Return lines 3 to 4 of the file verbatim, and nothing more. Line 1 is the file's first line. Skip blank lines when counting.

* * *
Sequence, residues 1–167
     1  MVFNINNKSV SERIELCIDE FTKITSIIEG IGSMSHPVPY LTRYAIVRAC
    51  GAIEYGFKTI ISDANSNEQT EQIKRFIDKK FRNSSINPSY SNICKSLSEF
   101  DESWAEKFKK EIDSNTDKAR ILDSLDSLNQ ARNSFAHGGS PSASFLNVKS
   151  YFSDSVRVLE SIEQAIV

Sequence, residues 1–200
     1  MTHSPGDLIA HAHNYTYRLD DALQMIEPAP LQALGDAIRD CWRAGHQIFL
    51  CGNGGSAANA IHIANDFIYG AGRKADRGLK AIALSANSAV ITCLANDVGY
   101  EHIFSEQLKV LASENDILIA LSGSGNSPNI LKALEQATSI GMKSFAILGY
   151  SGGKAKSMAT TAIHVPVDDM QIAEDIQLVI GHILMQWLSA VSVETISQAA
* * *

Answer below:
    51  GAIEYGFKTI ISDANSNEQT EQIKRFIDKK FRNSSINPSY SNICKSLSEF
   101  DESWAEKFKK EIDSNTDKAR ILDSLDSLNQ ARNSFAHGGS PSASFLNVKS